When we look at a modern radio like the one above, we don’t see much. We might recognise that this is a dual-band radio, since it has two frequencies on the display – 145.410 and 444.400. These frequencies are in MHz (MegaHertz) – but there’s nothing on the display to tell you that. The first is on the VHF/2 metre band, and the second is on the UHF/70 cm band. If this is starting to sound like jibberish to you… keep reading and we’ll clear it up.
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Understanding the concepts of band and bandwidth are fundamental to learning about radio and communications. We cover what you need to know about the topic to pass your ham radio test in our Canadian amateur license class in sections 4 and 10. But a more fundamental explanation is in order.
To better explain it, let’s forget about amateur radio for a minute and consider something you already understand – AM and FM radio.
If we look at a modern radio display, we’ll see something similar – say, 99.1 FM.
An old radio display provides a lot more information.
This is how radio dials used to look. It gives us a lot more information. It’s like the difference between blindly following GPS instructions and looking at a detailed map.
This dial clearly shows that the radio can handle two bands – AM and FM.
The FM band goes from 88 MHz to 108 MHZ. The AM band goes from 540 KHz to 1600 KHz (or 1.6 MHz).
The two bands (AM and FM) are reserved for commercial radio. The radio stations are each assigned a frequency for their area within that band, and they are not allowed on any other frequency. Most radios will only receive signals within these two bands. To summarise:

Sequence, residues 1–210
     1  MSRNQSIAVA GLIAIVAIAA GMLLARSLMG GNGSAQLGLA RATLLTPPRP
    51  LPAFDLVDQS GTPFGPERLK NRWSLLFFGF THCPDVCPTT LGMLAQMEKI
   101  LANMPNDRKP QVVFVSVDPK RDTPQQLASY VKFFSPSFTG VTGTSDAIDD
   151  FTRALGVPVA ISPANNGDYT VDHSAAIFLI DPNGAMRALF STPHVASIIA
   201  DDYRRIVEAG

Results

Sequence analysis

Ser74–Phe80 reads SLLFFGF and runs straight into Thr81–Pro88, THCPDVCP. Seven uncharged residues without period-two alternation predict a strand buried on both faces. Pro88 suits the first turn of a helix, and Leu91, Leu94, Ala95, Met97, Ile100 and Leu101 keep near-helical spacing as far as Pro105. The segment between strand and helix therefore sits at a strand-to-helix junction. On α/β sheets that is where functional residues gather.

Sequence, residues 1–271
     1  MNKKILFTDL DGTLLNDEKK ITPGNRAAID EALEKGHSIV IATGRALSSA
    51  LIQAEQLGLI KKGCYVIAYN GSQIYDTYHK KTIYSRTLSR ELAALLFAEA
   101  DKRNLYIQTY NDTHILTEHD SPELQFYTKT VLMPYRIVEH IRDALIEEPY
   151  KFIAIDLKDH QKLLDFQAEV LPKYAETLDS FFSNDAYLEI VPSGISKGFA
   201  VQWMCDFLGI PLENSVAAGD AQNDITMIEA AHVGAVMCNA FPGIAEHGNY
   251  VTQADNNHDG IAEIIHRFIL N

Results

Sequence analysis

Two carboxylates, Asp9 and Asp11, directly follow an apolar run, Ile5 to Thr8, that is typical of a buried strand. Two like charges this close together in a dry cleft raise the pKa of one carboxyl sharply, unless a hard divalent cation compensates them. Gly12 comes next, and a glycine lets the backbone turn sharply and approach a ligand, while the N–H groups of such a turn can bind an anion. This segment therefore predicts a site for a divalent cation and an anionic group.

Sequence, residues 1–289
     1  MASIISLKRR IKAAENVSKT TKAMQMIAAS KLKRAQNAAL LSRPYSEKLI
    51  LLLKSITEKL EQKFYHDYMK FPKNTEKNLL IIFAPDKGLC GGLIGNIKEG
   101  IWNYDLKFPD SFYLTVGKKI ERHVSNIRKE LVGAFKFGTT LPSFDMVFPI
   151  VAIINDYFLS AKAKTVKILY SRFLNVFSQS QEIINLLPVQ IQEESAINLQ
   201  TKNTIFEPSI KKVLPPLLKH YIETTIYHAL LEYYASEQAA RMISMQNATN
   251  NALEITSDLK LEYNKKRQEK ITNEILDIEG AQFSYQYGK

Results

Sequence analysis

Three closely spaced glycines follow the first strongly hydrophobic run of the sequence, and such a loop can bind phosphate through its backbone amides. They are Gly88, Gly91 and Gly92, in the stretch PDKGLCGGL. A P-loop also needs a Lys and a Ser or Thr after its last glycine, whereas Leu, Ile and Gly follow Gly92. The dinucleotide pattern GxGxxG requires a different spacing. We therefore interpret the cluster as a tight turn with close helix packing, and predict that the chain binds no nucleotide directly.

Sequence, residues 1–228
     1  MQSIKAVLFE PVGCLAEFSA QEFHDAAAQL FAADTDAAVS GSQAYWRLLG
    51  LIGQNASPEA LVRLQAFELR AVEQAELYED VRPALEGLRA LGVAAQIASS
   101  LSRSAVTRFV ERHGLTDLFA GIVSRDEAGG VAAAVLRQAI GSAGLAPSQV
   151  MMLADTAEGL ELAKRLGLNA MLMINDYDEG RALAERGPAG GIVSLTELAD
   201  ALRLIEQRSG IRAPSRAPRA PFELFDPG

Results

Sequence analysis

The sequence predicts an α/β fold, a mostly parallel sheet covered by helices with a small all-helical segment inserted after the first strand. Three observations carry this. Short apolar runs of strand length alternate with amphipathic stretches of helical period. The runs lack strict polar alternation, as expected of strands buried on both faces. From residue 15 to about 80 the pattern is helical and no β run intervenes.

If we want to get into more detail… AM means Amplitude Modulation, and FM means Frequency modulation. AM and FM are two different ways of transforming audio – or sound – into radio waves – or modulation techniques. There are all kinds of modulation techniques out there for audio and for other things – like turning TV signals into airwaves, and changing the bits of data in your computer into signals that can be carried over your DSL or cable modem – that’s short for modulator (for turning the bits into radio waves) and demodulator (for converting the radio waves back into computer bits).
But back to radio.
Amateur radio operators have separate frequency bands allocated for amateur radio use, and their radios are designed to both receive and transmit on those frequencies.
Now let’s take a look at what’s happening inside a frequency band – in this case, the FM frequency band.
We’re going to use a tiny little device that sells for about $40 that allows you to listen to and see the radio waves on commercial FM radio and many other bands.
This little USB dongle is a miracle of modern radio and computer technology. It sells for around $30. It’s an extremely powerful radio receiver device, and when paired with some PC software, it allows you to listen to and see all kinds of radio signals.
It’s called RTL-SDR because:
We recommend as part of a base kit for any radio amateur.
Here’s what the display looks like.
Let’s look at what the display shows us.
The software recognises that we are in the commercial FM Broadcast band, and it shows us that in that red stripe that goes across the middle of the screen.
We can see two stations broadcasting – the one on the left at a centre frequency of 98.1 MHz, the one on the right at a centre frequency of 99.1 MHz. Looking at 98.1 on the left, we can see that the signal spreads on both sides away from the centre frequency. It spreads from 98.0 MHz to 98.2 MHz for a bandwidth of 0.2 MHz, or 200 KHz.